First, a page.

In an interview with daily Bild, Schäuble did not reveal how he would make savings or where the government might cut spending, but said an austerity programme was unavoidable.
“We have to lower the structural deficit from 2011 by about €10 billion a year,” he said. “That is difficult, but we have to manage it. By July we will pull together the appropriate package.”
Last week, Chancellor Angela Merkel’s cabinet approved the 2010 budget, which involves taking on a record €85.8 billion in new debt next year.
Many economists have expressed doubt that the government’s gamble – creating a significant deficit to stimulate the economy and hopefully boost tax revenues through growth – will pay off.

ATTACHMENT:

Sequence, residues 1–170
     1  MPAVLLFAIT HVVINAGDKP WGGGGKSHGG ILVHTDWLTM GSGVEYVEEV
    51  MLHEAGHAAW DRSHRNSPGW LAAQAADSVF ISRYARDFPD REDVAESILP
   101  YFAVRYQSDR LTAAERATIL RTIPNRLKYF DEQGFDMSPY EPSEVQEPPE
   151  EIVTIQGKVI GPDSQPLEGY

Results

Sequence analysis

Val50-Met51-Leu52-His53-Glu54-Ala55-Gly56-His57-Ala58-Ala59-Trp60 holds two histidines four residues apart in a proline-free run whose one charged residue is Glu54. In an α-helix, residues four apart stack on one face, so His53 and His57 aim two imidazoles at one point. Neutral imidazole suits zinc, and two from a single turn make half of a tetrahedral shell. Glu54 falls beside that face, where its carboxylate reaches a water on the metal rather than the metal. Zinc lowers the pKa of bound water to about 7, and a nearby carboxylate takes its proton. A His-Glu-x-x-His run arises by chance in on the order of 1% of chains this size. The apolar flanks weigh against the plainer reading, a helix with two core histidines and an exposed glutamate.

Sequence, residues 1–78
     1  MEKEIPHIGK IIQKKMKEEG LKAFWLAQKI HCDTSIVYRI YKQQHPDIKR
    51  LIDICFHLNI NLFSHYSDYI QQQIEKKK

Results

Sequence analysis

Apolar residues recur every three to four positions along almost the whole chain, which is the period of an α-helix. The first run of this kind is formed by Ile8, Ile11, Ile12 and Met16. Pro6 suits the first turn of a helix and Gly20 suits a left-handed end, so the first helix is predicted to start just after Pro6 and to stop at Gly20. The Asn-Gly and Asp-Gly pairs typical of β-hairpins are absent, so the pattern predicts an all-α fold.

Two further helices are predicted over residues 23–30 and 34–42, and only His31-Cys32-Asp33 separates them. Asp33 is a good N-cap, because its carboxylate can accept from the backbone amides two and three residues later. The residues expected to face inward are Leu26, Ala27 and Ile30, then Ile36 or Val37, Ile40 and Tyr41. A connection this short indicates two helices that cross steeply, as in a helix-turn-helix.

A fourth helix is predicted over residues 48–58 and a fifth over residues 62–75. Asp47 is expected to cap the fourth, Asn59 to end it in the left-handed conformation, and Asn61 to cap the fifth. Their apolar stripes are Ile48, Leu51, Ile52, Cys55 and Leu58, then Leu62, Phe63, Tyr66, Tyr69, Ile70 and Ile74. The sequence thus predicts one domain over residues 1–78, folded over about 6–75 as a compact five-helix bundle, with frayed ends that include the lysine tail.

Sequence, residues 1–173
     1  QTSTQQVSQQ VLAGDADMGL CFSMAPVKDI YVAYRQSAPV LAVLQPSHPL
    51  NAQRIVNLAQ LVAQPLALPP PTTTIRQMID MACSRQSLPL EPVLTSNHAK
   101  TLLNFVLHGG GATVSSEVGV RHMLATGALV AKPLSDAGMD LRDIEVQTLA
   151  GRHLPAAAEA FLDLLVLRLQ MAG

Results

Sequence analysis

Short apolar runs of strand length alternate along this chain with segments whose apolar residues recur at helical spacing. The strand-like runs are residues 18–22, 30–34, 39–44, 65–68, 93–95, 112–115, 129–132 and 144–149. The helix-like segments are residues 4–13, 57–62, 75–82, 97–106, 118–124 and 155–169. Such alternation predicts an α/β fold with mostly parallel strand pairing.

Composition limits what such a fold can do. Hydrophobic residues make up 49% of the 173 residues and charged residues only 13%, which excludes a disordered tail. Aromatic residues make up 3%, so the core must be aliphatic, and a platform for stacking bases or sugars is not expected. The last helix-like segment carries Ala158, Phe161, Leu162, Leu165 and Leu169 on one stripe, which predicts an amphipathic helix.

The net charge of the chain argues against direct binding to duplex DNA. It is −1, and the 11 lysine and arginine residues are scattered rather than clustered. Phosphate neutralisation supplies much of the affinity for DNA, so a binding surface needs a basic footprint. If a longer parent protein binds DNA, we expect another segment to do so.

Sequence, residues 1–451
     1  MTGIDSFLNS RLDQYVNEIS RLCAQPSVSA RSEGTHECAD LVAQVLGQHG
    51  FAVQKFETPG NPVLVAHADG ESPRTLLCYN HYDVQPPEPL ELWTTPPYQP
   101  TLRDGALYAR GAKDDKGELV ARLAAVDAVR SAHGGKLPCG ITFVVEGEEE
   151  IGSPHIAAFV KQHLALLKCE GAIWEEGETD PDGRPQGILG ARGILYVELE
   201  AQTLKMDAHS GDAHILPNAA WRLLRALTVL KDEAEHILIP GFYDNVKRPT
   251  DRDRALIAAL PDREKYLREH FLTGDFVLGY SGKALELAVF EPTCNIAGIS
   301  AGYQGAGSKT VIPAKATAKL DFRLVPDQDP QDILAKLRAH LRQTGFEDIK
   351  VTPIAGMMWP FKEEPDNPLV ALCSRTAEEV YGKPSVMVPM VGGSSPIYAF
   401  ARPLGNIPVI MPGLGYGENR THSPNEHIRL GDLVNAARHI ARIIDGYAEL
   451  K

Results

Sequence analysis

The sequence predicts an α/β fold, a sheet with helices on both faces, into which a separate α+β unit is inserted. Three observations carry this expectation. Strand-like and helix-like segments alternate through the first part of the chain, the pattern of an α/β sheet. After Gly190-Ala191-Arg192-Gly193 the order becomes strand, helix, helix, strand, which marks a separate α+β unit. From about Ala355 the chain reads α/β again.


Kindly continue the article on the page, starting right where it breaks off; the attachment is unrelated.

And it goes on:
Still, the upper house of the federal parliament, the Bundesrat, last week passed the government’s €8.5 billion tax cut package. Merkel’s junior coalition partners, the pro-business Free Democrats, favour even more tax cuts in the near future.
Schäuble admitted he was concerned about the great debt burden Germany was taking on.
“But it’s also true that if I can make a contribution to ensuring that we overcome the worst economic crisis in the post-war period without serious damage to people’s lives, then I can live with it,” he added.